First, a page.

When we consume the Bread of Life, we take into ourselves that Divine Life. So, we are changed, as Cavanaugh notes, from the inside out. We are reclaimed and renewed as the image and likeness of God in Creation. We can, therefore, resume our roles as pointers toward the Creator. As the image and likeness of God, we represent that God to the cosmos (since we are the Body of Christ). And we represent the cosmos to God, since we are creatures of dust and breath, imprinted with that image and likeness.
Indeed, God is reclaiming the entire cosmos as the signs which point to the glory of the Divine Life. “A sacramental view of the world sees all things as part of God’s good creation,” Cavanaugh observes, “potential signs of the glory of God; things become come less disposable, more filled with meaning. At the same time, a sacramental view sees things only as signs whose meaning is only completely fulfilled,” he concludes, “if they promote the good of communion with God and with other people” (Kindle Locations 645-647).
This is not to denigrate or depreciate human beings or the Created cosmos. It is, rather, to put us all in our appropriate and life-giving places. A highway exit sign is not the exit itself. Instead, it points to the location of the exit. This does not make the sign any less real or less valuable than the exit. Instead, the sign is extremely valuable for the information it provides. If the sign were in the wrong place or pointing in the wrong direction, it would be useless and perhaps even dangerous.
I hope that’s a helpful metaphor in the current discussion. We are taken up into the Divine Life through the Life, Death, Resurrection, and Ascension of Jesus. We can be restored to our rightful participation in that Life by believing into that Life. In that process we will be consumed, used up, absorbed into the Divine Life – if we are open to being used up to our full potential. That’s what Eternal Life looks like here and now.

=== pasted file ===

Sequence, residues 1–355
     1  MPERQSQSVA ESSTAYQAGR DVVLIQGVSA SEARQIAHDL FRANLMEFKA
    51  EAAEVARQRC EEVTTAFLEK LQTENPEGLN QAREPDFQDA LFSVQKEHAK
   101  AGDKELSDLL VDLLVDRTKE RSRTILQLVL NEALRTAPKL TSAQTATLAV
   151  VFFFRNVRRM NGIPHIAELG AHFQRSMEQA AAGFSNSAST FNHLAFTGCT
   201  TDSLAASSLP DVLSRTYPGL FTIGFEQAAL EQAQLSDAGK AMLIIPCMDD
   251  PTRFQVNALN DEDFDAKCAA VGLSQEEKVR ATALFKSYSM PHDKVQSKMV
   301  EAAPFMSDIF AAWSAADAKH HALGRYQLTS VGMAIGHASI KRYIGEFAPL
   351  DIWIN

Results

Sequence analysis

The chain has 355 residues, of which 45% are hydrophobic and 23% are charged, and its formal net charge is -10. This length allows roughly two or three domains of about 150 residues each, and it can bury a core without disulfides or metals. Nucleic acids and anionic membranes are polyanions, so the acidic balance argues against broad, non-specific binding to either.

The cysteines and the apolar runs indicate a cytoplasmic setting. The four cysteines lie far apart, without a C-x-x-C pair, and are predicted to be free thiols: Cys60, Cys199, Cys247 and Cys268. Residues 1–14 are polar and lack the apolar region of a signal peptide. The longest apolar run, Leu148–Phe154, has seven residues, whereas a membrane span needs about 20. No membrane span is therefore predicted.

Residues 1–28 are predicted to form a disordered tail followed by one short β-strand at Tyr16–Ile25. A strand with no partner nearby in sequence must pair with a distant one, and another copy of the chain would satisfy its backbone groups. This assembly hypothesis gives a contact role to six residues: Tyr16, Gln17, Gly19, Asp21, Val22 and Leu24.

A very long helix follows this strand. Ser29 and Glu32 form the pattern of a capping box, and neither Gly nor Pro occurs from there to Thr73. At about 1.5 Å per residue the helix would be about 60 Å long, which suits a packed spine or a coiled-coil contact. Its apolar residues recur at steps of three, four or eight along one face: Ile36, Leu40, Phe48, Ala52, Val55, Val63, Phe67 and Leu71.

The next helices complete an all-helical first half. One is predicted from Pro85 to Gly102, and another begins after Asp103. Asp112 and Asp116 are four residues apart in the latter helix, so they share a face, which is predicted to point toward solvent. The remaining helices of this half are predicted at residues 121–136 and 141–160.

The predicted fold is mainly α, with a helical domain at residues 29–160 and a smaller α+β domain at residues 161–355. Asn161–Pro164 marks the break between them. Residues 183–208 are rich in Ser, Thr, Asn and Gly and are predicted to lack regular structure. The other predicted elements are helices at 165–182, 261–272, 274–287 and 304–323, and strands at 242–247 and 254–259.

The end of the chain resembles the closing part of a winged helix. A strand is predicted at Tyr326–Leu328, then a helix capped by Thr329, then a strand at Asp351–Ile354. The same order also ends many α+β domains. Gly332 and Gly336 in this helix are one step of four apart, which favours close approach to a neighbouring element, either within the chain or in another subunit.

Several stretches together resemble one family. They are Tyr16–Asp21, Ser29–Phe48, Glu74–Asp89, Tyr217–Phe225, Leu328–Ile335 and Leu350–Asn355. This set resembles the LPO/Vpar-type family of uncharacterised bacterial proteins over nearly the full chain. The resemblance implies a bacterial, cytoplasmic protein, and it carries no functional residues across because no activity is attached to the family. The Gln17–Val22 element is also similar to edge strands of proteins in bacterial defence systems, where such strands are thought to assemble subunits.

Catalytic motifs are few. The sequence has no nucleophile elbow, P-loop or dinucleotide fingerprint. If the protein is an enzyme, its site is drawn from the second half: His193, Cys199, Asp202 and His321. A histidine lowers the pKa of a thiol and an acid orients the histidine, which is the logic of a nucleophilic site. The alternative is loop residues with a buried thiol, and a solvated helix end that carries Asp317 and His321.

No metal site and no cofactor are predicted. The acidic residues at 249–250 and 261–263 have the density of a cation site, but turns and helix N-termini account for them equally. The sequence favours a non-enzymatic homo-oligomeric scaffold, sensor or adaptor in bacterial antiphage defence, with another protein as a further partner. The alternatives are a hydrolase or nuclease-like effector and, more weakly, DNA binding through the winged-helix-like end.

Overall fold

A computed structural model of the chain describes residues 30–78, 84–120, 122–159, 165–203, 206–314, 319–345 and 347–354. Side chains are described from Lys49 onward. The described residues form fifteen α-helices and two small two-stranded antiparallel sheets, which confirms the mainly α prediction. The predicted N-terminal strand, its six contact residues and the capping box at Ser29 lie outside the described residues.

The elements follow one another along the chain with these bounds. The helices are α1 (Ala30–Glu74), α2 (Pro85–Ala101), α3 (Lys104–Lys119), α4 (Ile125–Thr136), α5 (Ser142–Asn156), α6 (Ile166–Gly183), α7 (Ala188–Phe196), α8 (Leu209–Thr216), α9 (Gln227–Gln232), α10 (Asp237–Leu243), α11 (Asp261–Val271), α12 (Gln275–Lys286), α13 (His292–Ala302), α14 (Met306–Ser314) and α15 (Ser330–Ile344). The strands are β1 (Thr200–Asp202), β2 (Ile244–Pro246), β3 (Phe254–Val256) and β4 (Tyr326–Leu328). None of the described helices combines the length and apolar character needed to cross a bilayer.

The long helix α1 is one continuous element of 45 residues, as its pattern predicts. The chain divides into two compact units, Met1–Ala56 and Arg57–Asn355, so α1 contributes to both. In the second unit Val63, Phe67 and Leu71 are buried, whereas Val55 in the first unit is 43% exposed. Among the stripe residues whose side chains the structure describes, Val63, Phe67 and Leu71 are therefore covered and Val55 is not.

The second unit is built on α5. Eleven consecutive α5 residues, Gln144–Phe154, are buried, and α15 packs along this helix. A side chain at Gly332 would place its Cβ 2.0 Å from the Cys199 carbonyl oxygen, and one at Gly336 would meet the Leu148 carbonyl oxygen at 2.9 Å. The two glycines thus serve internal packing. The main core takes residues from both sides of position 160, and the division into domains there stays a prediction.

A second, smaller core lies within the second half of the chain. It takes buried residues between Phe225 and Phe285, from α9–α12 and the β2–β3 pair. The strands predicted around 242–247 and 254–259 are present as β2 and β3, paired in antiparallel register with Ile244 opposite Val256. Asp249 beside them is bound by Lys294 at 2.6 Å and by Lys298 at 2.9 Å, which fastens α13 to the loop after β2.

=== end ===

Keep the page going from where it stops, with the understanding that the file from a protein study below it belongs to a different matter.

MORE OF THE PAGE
Next time, more on being consumed…or not.
References and Resources
Anderson, Paul N., “Anti-Semitism and Religious Violence as Flawed Interpretations of the Gospel of John” (2017). Faculty Publications – College of Christian Studies. 289. https://digitalcommons.georgefox.edu/ccs/289.
Anderson, Paul N., “Navigating the Living Waters of the Gospel of John: On Wading With Children and Swimming With Elephants” (2000). Faculty Publications – George Fox School of Theology. 283. https://digitalcommons.georgefox.edu/ccs/283.
Cavanaugh, William T. Being Consumed: Economics and Christian Desire. Kindle Edition.
Dennis, J. “Exodus Imagery in John 6.” In STUDIEN ZUM NEUEN TESTAMENT UND SEINER UMWELT (SNTU), Serie A, Band 30. https://kidoks.bsz-bw.de/frontdoor/deliver/index/docId/300/file/2005_105_121.pdf.
Hylen, Susan E. “Seeing Jesus John’s Way: Manna from Heaven.” Word and World, Volume 33, Number 4 (Fall 2013), pages 341-348. http://wordandworld.luthersem.edu/content/pdfs/33-4_Bread/33-4_Hylen.pdf.
Kloppenborg, J.S., 2011, ‘Disaffiliation in associations and the ἀποσυναγωγός of John’, HTS Teologiese Studies/ Theological Studies 67(1), Art. #962, 16 pages. DOI: 10.4102/hts.v67i1.962.
Lewis, C. S. The Great Divorce. https://www.thespiritlife.net/warfare-publications/3203-the-great-divorce-by-cs-lewis-chapters-7-9.html.
Lewis, Karoline M. John (Fortress Biblical Preaching Commentaries) Fortress Press. Kindle Edition.
Wallace, Daniel B. Greek Grammar Beyond the Basics: An Exegetical Syntax of the New Testament. Grand Rapids, MI.: Zondervan, 1996. Wright, N. T. The Resurrection of the Son of God. Minneapolis, MN.: Fortress Press, 2003.
Wright, N. T. The Resurrection of the Son of God. Minneapolis, MN.: Fortress Press, 2003.